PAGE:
Easterseals accepts $1M in state funding to help expand services for severest autism cases
Children and young adults with developmental disabilities that present severe behaviors — such as sudden episodes of impulse or aggression, angry verbal outbursts or violence — often have few places to turn to for help, hope and treatment.
Families may be frustrated or feel they’ve reached the end of their rope in finding services for loved ones, as few facilities and programs exist and those that do are often at capacity. Enter Easterseals of Southern California.
The nonprofit serves more than 15,000 people with disabilities, primarily autism spectrum disorders, which affect one in 26 children in California, according to the CDC. In 2020, when Easterseals acquired the Irvine-based Center for Behavioral Sciences, it was able to launch an outpatient Severe Behavior Services Program, the only one of its kind on the West Coast.
Today, a team of Applied Behavior Analysis therapists, speech pathologists and other professionals work intensely with 18 patients throughout the year in Irvine and a smaller facility in Northridge.
Staff provide intensive, short-term treatment that allows participants to remain at home or transition safely back into a school or work environment, says Paula Pompa-Craven, chief clinical officer.
“We’re talking about people who may be a danger to themselves or others, or who have severely injurious or aggressive behavior,” Pompa-Craven said Thursday. “A lot of times, these individuals fall through the cracks, because there aren’t services that support them.”
Patients as young as 10 years old come from Orange and Los Angeles counties, and from as far as Kern and San Diego counties, to receive functional assessment, analysis and consultation along with occupational and physical therapy and help with social skills.
And now, the program is looking to expand.
Easterseals officials have announced a fundraising campaign that aims to raise $6 million to $7 million for the expansion of the Severe Behavior Services program that would allow it to serve up to 100 participants from throughout Orange County and beyond at its Irvine facility.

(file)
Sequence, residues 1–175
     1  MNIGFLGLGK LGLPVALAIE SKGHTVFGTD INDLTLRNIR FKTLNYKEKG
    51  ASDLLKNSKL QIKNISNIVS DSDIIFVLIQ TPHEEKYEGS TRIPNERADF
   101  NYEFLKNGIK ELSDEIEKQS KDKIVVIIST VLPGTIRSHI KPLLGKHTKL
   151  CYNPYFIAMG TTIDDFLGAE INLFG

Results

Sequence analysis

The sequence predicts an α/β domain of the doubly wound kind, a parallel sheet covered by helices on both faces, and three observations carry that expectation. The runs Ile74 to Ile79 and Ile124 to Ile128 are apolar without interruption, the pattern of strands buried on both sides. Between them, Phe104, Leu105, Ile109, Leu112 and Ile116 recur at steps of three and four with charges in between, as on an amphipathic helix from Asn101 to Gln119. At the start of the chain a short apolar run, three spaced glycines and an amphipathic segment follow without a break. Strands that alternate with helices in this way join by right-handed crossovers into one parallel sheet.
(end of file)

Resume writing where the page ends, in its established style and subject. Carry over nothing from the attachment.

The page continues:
“We know the methodology and services we have work, so we wanted to expand on the West Coast,” Pompa-Craven said.
Kickstarting that effort, the nonprofit recently welcomed a $1-million state budget allocation through the office of state Assemblyman Steven Choi (R-Irvine), whose district represents Irvine, Anaheim, Lake Forest, Orange and Tustin.
Choi, who met with nonprofit leaders in a ceremony Tuesday to recognize the contribution, said he was petitioned by Easterseals leaders, who explained their desire to expand to serve more clients.
“I was impressed with the current facilities they have and all the tools they have already in place for serving individuals with disabilities,” he said Thursday. “They need more space and program expansion, and that made a lot of sense.”
Although Choi initially requested $5 million, he said the acquisition was the most significant budget request granted by the state in his district since his election in 2016.
Pompa-Craven said that since the center’s operations are primarily funded by health insurers, funds would go toward expanding its physical facilities and hiring more staff to bring in new participants.
Dr. Joyce C. Tu, who founded the original Center for Behavior Sciences and now works with Easterseals, said expanding local services will help ease the burden of families who currently have to seek costly services out of state.
“There are very limited providers who offer severe behavior services and none that offer whole-person, long-term therapies,” she said in a statement Tuesday. “This one-of-a-kind, outpatient center means proximity to services, autonomy and hope.”
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